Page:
Once the talk’s done and dusted, I’ll try and get a copy of it online by this weekend. Many thanks to Nat and James for the invitation to talk!

Regarding the Pain of Others is a long-form essay by Susan Sontag, examining the representation of suffering (and notably warfare) through the display of photographs. Published in 2003, in many ways, it is a follow up to some of the ideas examined in her earlier On Photography.

On Photography is one of my favourite books on the subject; it made a deep impact at university, and I’ve been meaning to reread it for a while. Regarding the Pain of Others is interesting if only because (as later illustrated) Sontag revisits some of her arguments in that set of essays and questions them again, even disagreeing with her younger self – something that I’ve rarely seen a critic do.

It’s a slim book – around 100 pages – but it’s written very densely, with long, unbroken sentences and many subordinate clauses. At times, it feels like the book as a whole could have done with its screws being tightened, but Sontag’s language is clear and efficient; it was hard to quote short passages simply due to the number of themes being rammed together in single constructions. It clearly also took me time to get into it – most of my dog-eared pages are in the latter half of the book, even though there’s almost as much I could quote from the first half.

A worthwhile read, anyhow; lots of thought about the current media landscape, especially in America, even if at times Sontag is somewhat pessimistic about Western society as a whole. Despite it not being the easiest – or clearest – book to read on the train to work, it had a lot to say that resonated, and it provided much-needed historical context for the media of today.

On to the quotations:

p.60, on the similarity of “shooting a subject” and “shooting a human being:

“War-making and picture-taking are congruent activities: ‘It is the same intelligence, whose weapons of annihilation can locate the enemy to the exact second a meeter.’ wrote [Ernst] Jünger, ‘that labors to preserve the great historical event in fine detail.'”

p.67, on the contradictory nature of photography-as-reportage and photography-as-beautiful-artefact:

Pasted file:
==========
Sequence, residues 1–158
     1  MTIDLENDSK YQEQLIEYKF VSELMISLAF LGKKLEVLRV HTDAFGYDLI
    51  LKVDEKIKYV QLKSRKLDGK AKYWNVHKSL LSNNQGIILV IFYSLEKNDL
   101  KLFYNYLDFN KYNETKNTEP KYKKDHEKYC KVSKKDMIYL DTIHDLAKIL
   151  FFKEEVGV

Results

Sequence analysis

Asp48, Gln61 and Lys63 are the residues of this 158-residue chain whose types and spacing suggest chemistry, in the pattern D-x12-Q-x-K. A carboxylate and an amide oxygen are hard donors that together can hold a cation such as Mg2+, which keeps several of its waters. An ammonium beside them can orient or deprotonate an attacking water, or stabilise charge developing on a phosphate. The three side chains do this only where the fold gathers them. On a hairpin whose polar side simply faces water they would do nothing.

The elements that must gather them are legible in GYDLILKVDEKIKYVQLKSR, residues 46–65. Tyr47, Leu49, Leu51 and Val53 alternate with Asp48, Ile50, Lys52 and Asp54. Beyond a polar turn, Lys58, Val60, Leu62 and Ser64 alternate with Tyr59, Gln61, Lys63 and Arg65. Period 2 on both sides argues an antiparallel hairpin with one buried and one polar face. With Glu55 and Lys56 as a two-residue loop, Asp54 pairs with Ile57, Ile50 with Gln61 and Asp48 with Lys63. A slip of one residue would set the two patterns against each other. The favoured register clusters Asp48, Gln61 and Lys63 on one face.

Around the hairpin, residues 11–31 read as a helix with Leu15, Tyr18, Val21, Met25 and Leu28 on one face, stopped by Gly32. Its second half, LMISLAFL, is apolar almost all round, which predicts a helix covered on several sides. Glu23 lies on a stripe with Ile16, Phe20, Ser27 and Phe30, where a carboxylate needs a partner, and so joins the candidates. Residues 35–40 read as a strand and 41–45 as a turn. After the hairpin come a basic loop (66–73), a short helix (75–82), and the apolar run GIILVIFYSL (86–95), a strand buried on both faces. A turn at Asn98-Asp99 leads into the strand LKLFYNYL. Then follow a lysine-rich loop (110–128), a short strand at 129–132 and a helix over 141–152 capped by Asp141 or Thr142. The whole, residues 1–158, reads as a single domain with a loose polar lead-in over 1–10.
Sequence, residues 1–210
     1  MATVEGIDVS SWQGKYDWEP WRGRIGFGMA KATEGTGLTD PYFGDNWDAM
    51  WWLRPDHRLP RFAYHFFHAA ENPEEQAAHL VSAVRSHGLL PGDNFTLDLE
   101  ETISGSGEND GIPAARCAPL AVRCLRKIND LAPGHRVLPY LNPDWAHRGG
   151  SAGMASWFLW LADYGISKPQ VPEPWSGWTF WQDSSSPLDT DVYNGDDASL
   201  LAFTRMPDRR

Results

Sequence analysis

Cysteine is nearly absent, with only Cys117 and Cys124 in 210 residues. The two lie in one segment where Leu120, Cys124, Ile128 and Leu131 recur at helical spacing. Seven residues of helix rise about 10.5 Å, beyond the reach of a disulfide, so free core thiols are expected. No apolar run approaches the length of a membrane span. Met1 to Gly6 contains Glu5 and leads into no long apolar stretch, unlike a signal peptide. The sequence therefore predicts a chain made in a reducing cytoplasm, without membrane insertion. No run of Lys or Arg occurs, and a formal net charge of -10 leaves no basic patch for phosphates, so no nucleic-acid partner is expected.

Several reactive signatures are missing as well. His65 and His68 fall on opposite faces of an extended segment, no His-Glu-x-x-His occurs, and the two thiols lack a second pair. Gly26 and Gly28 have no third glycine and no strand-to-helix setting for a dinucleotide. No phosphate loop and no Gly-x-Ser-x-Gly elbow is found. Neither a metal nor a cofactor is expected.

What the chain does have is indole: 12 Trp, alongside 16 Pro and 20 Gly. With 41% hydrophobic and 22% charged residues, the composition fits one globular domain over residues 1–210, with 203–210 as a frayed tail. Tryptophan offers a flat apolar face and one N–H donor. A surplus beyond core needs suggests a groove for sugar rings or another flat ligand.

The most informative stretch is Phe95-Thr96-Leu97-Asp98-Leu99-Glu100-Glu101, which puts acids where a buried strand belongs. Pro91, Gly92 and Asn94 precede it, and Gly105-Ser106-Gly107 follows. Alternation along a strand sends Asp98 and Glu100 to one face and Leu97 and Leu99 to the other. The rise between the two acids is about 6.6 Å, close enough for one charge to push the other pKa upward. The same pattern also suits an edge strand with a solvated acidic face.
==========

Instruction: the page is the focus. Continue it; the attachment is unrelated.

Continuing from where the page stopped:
“The concern is that the images to be devised won’t be sufficiently upsetting: not concrete, not detailed enough. Pity can entail a moral judgment if, as Aristotle maintains, pity is considered to be the emotion that we owe only to those enduring undeserved misfortune. But pity, far from being the natural twin of fear in the dramas of catastrophic misfortune, seems dilute – distracted – by fear, while fear (dread, terror) usually manages to swamp pity. Leonardo is suggesting that the artist’s gaze be, literally, pitiless. The image should appall, and in that terribilità likes a challenging kind of beauty.”

p.70, on Sebastião Salgado’s portraits:

“It is significant that the powerless are not named in the captions. A portrait that declines to name its subject becomes complicit, if inadvertently, in the cult of celebrity that has fueled an insatiable appetite for the opposite sort of phootgraph: to grant only the famous their names demotes the rest to representative instances of their occupations, their ethnicities, their plights.”

p.76, on the familiarity of certain photographs as cultural artifacts:

“…photographs help construct – and revise – our sense of a more distant past, with the posthumous shocks engineered by the circulation of hitherto unknown photographs. Photographs that everyone recognizes are now a constituent part of what a society chooses to think about, or declares that it has chosen to think about. It calls these ideas ‘memories’, and that is, over the long run, a fiction. Strictly speaking, there is no such thing as collective memory – part of the same family of spurious notions as collective guilt. But there is collective instruction.”